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Windows 8’s Dual UIs – Can’t They Both Just Get Along?

    General discussion

  • This is not a thread about loving or hating Metro. It’s not about which UI is better or which one allows you to be more productive.

     

    It’s about the problems we have transitioning between the two.  It’s about the inconsistencies in interacting with them and whether or not what we expect to happen occurs or not.

     

    But mostly it’s about making what Microsoft has given us better...as close to perfect as we can help them make it. It’s about our ideas on how to keep the platform as powerful ad productive as we demand while keeping it simple and intuitive enough for the “not-so-power-user” in the next cubicle, or our parents.

     

    Because love it or hate it, this is the direction Windows is heading, and its going there with or without us.

     

    I firmly believe this one topic is the most important issues Microsoft needs to focus on. We know it will be a powerful & stable OS. We know it will run the software we use and apps we create. The success or failure of Windows 8 will ride on how simply, elegantly and intuitively it transitions between two completely different experiences and how consistently it behaves in both.

     

     

    Bring your ideas, your experience making things easier for your users/customers & your vision of what we can help Windows 8 become. We only have about a year to help Microsoft get this right.

     

    Thank You,

    Robb

     

    I’ll start with what I think has become the “bane of our existence” the Start button (let’s call it the Logo button from now on) in Classic Desktop mode. I think most of us agree that this experience is less than perfect.

    True we can turn off Metro and it will behave as it always has, but I would prefer we find a way to control the experience better.

     

    My suggestion (and the view of many others I've seen post here) is to let the Logo button behave as it currently does in Windows 7. The only change would be to replace the shutdown/log off button with a “Start” button, adorned with the user profile image for their account, that returns users to Metro. It’s simple, it’s discoverable and most importantly, it’s how users expect the Logo button to behave.

     

    I’ve done countless UAT sessions and one of the most important aspects to making users feel comfortable is confirmation that they “Did the right thing?” If that question is not answered after every action, they start to get anxious.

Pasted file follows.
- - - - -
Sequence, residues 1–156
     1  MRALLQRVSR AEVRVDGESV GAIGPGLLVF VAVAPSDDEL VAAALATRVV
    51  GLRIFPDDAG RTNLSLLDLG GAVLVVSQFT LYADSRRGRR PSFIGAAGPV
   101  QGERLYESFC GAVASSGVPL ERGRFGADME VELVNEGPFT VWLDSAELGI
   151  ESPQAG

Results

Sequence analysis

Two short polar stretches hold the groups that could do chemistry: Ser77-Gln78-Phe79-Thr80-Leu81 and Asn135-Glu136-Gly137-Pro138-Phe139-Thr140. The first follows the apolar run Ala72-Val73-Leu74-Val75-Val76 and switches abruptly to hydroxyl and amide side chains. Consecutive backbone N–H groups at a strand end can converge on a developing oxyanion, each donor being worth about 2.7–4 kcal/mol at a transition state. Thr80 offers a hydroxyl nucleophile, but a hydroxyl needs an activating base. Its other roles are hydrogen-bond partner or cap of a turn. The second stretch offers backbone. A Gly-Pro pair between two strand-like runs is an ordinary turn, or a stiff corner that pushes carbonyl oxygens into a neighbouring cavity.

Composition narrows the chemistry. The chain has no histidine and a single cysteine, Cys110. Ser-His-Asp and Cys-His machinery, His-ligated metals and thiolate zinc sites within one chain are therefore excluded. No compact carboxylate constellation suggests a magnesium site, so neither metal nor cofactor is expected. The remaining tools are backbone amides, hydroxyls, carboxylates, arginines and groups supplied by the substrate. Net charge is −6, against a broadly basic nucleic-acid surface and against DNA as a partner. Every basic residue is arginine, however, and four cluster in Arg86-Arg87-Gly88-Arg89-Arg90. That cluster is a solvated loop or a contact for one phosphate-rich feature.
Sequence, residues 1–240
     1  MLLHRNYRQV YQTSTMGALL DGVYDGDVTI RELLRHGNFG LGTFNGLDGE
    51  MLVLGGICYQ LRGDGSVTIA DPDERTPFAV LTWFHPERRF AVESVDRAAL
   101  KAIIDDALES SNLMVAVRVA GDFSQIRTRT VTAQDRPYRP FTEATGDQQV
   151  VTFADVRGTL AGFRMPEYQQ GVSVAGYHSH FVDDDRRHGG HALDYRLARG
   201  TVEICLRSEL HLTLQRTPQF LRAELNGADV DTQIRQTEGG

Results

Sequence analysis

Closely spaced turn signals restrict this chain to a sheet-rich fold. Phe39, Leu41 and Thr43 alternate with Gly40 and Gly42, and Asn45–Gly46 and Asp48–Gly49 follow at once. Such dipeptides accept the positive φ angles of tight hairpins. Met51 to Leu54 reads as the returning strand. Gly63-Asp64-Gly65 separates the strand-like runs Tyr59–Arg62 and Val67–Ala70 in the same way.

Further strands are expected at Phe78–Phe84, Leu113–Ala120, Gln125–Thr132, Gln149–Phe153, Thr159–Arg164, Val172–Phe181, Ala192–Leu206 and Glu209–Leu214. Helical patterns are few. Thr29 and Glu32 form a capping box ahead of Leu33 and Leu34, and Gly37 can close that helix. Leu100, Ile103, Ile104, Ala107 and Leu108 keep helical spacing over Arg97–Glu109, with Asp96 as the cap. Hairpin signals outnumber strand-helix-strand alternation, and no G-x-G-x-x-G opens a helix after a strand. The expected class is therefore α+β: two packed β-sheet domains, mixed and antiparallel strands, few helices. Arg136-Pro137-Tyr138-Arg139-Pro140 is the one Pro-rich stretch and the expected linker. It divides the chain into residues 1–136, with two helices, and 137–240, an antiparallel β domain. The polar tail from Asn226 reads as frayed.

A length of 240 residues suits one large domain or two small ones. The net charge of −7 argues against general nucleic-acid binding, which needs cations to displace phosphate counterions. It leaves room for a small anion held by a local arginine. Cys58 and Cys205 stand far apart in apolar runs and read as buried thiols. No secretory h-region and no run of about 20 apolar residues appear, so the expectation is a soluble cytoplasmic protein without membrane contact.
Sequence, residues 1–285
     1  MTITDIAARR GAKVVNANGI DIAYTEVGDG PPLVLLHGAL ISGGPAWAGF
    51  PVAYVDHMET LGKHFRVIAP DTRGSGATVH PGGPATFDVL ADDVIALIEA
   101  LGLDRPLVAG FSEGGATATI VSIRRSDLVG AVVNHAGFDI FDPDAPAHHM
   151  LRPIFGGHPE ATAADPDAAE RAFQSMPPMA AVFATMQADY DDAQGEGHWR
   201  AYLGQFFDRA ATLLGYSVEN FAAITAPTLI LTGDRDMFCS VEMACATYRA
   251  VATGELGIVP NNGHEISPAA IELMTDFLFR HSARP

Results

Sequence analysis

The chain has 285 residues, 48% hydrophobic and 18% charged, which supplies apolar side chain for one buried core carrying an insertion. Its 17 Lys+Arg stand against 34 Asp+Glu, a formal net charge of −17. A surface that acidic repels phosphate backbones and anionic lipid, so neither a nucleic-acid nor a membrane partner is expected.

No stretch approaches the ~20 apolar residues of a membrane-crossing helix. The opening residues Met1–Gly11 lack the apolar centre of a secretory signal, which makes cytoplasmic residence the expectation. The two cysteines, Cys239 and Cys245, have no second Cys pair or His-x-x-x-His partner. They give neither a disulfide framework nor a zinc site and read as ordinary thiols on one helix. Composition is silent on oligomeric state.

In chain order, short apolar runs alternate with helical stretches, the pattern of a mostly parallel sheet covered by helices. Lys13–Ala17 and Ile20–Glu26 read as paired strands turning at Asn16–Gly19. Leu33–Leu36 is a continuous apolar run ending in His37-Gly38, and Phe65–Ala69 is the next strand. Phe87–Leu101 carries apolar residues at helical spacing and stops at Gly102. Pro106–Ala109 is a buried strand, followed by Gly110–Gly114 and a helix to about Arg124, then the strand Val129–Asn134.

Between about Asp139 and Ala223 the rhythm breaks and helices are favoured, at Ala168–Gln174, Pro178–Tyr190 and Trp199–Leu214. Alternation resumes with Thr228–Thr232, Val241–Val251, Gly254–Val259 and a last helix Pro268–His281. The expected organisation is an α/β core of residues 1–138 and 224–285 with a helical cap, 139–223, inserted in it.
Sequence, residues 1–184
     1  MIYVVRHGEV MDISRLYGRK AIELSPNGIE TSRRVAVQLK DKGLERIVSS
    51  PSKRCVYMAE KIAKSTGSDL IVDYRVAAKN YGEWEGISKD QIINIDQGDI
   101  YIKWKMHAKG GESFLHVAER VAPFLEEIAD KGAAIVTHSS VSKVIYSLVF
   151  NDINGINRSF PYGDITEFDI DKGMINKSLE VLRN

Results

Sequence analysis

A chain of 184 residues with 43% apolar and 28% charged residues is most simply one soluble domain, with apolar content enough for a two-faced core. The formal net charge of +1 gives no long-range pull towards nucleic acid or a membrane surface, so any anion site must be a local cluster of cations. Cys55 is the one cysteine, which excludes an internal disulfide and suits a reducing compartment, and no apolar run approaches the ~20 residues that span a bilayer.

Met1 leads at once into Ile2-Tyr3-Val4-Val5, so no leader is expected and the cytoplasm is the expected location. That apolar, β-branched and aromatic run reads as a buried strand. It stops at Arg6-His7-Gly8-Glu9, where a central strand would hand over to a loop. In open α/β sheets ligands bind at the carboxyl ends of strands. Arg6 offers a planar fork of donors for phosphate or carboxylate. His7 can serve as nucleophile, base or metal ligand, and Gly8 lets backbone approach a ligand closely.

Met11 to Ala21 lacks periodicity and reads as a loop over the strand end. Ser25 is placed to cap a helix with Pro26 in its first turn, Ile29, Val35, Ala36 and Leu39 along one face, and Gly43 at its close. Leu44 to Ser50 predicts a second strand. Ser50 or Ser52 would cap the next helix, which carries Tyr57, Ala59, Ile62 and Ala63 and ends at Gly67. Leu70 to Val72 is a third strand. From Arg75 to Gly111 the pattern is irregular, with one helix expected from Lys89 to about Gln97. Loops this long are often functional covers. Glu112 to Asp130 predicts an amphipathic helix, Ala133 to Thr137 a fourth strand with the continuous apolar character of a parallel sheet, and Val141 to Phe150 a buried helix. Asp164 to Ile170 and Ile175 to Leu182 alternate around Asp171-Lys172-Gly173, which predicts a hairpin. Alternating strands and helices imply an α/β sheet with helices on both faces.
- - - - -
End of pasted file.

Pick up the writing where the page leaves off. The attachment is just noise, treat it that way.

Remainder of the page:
Simply put, having the Logo button return users to a completely different UI when they have been trained since 1995 to see a program list does not answer “Did I do the right thing?” sufficiently. The follow up questions will start to be “Where did my program go?” “Did I close it?” “Did I loose my work?” “How do I get back?” etc.

     

    Windows 8 gives users control as when to start the classic desktop by launching a win32 app.  It should also give the user control of when to end it.

     

    Again UAT tells me that users tend to perform tasks in “sessions”, meaning that most will use one or a few apps to complete a specific task before opening apps that are not related to their task. A majority of users will most likely view tasks they are performing in the classic desktop as one “session”, then choose to exit the desktop and return to Metro.

     

    Also, I feel when a user launches a Metro app from the Logo button in classic mode. The app should appear in its “snapped” view. That is 1/4 or 1/3 screen size along side the classic desktop. A user should expect to see multiple windows in classic mode, so bringing in a Metro app beside the desktop would be a less jarring experience then having it take over the full screen.  Lastly, the state of Metro apps at this point lend themselves well to appearing as a “sidebar” I foresee a lot of the initial Metro apps being information aggregators, media consumption apps and casual games. Something that may require just a casual glance. The user can then elect to bring it full screen, of course.

     

    I’ll try to post a video of how all this would look, which may give you a better “feel” of the operation.

     

    So what to you all think?  Is this a viable solution? Does it stink?  Do you have different/better solutions?

     

    I want to know and I want Microsoft to sit up and take notice of the suggestions.



    Oh, I almost forgot. Chime in about what your other "pain points" are as far as the UI/UX is concerned. I feel that together we can solve these problems and help to form an experience the mojority will be thrilled using.
    • Changed type RobbCab Wednesday, September 21, 2011 6:39 PM
    • Edited by RobbCab Wednesday, September 21, 2011 6:51 PM Forgot to mention...
    Wednesday, September 21, 2011 6:37 PM